Preheat the smoker to 225° and place the meat on the smoker. Closer the lid and do not open the it. Monitor the temperature of the pork through the thermometer probe. When you notice a stall, which is when the temperature of meat stops increasing, you will need to take the pork off and wrap it.
For me, stall usually happens around 150°-165°. When I notice that temperature has not increased in 30-45 minutes, I know that meat is in the stall.
Quickly take the pork off the smoker and close the lid back so the temperature doesn’t go down. Wrap pork tightly in foil (with the thermometer probe intact) and place it back on the smoker.
Continue to smoke until the internal temperature reaches 203°.
When pork reaches the desired temperature, take it off the smoker and let it rest for about an hour. Take the foil off and use two forks to pull the meat apart. Discard the bone and excess fat (unless you want to keep the fat.)
Save the meat juices left inside the foil and pour it back into the pulled pork. Mix it all together and the juices will add flavor and moisture to the pork.
WHY DID MY PORK STALL?
Ah, the stall! The biggest pain in the butt of barbecue. The stall happens pretty much every time you smoke a brisket or pork shoulder. That is something you are guaranteed to run into, so be prepared. It happens at different temperatures and takes different amount of time to get over because every single piece of meat is different.
You can anticipate the stall around 150°-170° but exact temperature varies. You will know the meat stalled when the internal temperature stops increasing and just stays the same. Naturally, the stall can take hours and can be so frustrating. Don’t worry, it’s not you, you didn’t do anything wrong.
It will be your natural instinct to make sure you thermometer is working, curse the store that sold it to you, and probably smack it a few times. I knew all about the stall the first time I smoked pork and I still reacted that way. So take a deep breath, you can help it and will end up with mind-blowing pulled pork.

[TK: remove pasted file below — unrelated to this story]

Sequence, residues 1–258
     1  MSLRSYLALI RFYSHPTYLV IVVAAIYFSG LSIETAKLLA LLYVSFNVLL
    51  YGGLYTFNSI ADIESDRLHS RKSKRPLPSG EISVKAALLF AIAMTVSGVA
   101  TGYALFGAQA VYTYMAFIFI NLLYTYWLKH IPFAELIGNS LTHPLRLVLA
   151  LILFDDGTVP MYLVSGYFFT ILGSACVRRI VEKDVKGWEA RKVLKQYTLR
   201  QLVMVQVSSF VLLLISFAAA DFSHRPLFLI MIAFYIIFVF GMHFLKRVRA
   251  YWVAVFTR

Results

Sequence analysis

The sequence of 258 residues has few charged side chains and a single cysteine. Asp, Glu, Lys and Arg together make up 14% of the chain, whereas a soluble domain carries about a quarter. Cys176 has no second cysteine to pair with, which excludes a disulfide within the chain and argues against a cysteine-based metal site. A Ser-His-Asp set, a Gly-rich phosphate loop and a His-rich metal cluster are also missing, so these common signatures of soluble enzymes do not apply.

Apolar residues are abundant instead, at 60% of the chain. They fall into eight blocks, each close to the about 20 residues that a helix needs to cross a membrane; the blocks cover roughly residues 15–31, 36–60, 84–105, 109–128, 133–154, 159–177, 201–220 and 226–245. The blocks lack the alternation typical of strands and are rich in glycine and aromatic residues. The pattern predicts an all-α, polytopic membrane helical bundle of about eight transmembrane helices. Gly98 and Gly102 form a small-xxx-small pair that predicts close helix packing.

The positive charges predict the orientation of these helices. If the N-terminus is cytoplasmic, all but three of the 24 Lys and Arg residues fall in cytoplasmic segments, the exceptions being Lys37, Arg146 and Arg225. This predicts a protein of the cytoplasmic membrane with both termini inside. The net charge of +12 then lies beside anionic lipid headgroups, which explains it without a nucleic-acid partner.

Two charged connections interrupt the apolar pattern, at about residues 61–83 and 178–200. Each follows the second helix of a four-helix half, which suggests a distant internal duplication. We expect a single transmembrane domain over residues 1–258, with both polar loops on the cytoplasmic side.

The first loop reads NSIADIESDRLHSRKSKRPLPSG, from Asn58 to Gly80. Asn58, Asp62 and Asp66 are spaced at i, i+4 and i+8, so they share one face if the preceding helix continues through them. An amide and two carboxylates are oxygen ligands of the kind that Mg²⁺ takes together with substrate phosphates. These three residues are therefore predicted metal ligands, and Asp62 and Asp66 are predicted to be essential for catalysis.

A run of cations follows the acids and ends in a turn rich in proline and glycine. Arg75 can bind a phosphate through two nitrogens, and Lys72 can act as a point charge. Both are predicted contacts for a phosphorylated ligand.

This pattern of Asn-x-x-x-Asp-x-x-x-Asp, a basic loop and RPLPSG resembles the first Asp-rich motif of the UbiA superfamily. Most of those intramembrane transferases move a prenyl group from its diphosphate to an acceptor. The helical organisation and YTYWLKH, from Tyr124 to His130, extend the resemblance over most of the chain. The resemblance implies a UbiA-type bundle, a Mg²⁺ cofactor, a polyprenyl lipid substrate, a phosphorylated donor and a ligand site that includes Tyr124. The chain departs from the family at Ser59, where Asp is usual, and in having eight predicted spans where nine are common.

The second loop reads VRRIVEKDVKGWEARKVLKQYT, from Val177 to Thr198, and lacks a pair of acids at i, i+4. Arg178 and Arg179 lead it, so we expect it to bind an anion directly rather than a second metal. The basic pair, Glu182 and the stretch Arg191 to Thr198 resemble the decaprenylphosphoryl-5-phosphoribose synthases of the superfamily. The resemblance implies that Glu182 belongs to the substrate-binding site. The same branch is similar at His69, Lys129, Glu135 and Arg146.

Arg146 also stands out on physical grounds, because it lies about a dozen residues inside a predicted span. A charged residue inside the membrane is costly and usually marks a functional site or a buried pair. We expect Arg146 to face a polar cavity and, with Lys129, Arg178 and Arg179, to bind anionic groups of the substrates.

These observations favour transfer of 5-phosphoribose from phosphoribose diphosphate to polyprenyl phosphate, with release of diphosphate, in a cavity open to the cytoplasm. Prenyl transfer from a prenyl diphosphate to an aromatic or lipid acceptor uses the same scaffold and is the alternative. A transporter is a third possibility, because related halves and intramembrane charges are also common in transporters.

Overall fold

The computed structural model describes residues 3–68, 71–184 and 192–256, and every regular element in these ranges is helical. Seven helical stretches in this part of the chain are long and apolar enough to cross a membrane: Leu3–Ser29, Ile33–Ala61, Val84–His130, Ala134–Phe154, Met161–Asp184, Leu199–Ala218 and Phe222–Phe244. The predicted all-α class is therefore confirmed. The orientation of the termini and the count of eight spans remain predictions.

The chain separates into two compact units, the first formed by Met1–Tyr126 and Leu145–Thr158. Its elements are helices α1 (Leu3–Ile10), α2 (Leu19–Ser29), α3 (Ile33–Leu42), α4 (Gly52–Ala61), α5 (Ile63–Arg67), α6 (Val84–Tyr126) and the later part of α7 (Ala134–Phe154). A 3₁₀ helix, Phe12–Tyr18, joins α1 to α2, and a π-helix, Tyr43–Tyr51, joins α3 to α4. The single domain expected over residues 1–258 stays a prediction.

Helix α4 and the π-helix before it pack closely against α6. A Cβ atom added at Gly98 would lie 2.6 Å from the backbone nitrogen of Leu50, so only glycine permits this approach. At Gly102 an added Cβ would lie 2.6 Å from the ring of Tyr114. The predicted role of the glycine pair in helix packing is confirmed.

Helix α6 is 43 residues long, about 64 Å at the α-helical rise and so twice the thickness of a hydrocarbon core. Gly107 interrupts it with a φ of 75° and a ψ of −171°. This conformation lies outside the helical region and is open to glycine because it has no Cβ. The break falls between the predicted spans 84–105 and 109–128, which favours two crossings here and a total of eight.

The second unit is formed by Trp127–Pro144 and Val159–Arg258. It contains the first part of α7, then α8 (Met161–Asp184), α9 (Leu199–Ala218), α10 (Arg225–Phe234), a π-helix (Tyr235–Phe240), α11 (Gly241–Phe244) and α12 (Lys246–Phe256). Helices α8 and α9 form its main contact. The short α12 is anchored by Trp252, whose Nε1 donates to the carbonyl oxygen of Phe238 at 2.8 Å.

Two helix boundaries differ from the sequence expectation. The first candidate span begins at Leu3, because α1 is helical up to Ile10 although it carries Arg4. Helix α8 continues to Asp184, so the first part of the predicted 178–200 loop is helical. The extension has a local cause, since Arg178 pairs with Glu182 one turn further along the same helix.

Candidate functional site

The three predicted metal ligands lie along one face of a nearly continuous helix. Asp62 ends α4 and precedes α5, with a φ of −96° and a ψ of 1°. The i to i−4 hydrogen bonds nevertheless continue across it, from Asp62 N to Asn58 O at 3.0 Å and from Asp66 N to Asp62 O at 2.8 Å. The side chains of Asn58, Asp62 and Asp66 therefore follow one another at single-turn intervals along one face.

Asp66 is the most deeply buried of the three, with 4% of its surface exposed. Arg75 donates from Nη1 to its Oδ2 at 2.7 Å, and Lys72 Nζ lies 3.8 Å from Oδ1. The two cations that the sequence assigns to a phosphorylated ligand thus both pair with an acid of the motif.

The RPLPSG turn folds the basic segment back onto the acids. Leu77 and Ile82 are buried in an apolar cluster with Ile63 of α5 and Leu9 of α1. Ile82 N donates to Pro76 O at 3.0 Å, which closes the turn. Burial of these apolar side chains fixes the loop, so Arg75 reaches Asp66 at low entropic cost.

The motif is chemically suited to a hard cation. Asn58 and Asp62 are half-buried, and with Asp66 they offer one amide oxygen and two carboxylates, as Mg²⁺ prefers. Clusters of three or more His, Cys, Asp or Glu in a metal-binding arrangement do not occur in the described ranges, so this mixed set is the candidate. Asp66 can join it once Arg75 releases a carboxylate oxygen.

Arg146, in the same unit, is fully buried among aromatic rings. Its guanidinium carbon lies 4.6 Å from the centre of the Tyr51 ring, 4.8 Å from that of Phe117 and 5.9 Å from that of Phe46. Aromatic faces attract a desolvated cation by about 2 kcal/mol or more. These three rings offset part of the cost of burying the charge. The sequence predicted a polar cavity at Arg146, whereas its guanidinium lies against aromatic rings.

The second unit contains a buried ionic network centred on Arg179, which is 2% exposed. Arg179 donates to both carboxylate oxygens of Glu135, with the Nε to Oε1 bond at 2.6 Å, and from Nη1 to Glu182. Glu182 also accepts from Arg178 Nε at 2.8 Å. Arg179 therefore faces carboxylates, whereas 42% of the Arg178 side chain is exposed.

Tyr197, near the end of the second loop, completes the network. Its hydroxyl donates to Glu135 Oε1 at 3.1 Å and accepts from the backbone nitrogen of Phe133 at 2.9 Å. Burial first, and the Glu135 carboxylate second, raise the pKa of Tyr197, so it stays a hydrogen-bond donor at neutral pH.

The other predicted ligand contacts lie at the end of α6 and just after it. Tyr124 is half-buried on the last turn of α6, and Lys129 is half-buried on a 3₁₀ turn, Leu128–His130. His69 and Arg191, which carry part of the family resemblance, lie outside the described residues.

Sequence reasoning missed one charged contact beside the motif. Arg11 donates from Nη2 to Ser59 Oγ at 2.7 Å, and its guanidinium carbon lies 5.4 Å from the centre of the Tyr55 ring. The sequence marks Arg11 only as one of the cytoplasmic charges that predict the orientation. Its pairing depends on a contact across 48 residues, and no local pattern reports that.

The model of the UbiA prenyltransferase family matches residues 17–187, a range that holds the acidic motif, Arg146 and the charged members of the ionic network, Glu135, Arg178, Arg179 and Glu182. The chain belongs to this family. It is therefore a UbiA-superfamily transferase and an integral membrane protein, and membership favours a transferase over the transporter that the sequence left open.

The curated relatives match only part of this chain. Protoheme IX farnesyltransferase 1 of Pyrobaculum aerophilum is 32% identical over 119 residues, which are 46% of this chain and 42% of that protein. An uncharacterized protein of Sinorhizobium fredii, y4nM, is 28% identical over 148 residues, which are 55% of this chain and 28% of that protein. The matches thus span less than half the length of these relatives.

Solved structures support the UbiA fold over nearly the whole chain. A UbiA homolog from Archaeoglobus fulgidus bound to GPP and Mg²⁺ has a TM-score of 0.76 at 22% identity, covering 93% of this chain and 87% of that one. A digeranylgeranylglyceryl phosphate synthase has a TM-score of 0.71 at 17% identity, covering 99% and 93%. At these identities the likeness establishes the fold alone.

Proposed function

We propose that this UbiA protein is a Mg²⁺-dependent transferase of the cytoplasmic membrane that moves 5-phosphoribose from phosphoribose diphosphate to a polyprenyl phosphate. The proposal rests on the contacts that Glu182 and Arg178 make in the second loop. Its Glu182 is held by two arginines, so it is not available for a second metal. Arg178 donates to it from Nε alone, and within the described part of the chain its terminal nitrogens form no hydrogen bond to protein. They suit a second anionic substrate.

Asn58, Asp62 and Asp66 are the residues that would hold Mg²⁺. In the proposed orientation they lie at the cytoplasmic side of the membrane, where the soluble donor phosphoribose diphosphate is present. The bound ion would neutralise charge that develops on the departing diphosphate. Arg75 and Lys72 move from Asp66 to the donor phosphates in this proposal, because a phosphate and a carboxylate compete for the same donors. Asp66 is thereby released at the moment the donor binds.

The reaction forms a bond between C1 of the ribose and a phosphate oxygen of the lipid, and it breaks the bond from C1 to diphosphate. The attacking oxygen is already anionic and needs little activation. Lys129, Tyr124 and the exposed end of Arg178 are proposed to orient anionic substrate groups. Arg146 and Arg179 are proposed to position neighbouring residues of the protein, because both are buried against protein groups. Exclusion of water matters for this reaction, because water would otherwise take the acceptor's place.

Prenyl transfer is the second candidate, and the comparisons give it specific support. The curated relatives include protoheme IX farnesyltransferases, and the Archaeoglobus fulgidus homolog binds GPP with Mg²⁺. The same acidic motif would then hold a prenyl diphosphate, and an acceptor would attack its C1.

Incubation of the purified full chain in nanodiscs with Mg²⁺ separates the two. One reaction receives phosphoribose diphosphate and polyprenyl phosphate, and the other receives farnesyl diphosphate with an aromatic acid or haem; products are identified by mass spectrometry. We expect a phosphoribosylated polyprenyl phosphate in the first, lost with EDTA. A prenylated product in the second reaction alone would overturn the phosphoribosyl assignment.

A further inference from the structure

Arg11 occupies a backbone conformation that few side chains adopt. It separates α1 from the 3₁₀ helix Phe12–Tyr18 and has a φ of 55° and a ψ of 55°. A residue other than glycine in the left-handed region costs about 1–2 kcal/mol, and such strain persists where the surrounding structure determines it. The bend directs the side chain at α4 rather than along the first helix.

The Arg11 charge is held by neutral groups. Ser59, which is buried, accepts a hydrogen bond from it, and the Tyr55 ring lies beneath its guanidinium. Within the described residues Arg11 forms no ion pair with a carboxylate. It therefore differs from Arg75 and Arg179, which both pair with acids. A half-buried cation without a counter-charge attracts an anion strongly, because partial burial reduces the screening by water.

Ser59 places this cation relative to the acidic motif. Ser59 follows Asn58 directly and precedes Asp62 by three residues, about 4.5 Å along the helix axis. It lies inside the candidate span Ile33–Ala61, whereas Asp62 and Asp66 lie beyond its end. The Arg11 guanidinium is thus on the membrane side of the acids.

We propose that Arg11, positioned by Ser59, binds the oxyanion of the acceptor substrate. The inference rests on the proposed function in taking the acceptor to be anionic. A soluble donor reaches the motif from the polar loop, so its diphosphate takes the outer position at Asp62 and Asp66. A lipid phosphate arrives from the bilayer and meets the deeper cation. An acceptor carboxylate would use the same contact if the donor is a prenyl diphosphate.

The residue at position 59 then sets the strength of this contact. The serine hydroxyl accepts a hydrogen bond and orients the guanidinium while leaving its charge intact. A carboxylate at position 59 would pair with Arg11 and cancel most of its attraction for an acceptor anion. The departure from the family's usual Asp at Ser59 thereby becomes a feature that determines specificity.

There used to be many schools of thought as to why the meat stalls but we now know that the stall is caused by evaporating moisture. If you want to read all about the science behind the stall, check out this article. (Read it next time you smoke a pork shoulder, you’ll have some time on your hands.)
The way to battle the stall is simple, you wrap the meat in foil. Make sure to not take out the thermometer probe and to wrap the meat tight.
HOW TO SERVE PULLED PORK
I don’t think that I can name all the wonderful ways to serve pork but try it:
As a main dish with sides
In tacos and tostadas
On top of nachos
Cooked with eggs for breakfast
In flautas or taquitos
MORE EASY SMOKED RECIPES TO TRY
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Smoked Pork Shoulder
- 4-5 lb bone-in Boston butt
- 2-3 tbsp coarse salt or sea salt
- 1/4 cup brown sugar
- 2 tbsp paprika
- 1 tbsp coarse salt
- 1 tbsp black pepper
- 2 tbsp garlic powder
- 1 tbsp onion powder
- 1 tbsp ground mustard
- 1/2 tbsp ground celery seed
- 1/2 tbsp ground sage
- 1/2 tsp cayenne pepper less or more if you wish
- Rub pork with coarse salt all over, wrap it air-tight, place it in a sheet pan or a roasting dish, and refrigerate for 4-6 hours. (I often do this right before I go to sleep at night, if I plan to smoke pork first thing in the morning.)
- Combine all the ingredients for pork rub in a bowl and mix well. Use a spoon to get seasoning out of the bowl to season pork.
- When you’re ready to cook pork, take the pork out of the fridge and rub it with pork seasoning.
- Insert a digital thermometer probe towards the middle of the thickest part of meat. Make sure the probe is not touching the bone.
- Preheat the smoker to 225° and place the meat on the smoker. Closer the lid and do not open the it.
- Monitor the temperature of the pork through the thermometer probe. When you notice a stall, which is when the temperature of meat stops increasing, you will need to take the pork off and wrap it. (Stall usually happens around 150°-165°)
- Quickly take the pork off the smoker and close the lid so the temperature doesn’t go down. Wrap pork tightly in foil (with the thermometer probe intact) and place it back on the smoker.Continue to smoke until the internal temperature reaches 203°.
- Take it off the smoker and let it rest for about an hour. Take the foil off and use two forks to pull the meat apart. Discard the bone and excess fat (unless you want to keep the fat.)
- Save the meat juices left inside the foil and pour it back into the pulled pork. Mix it all together. The juices will add flavor and a little moisture to the pork.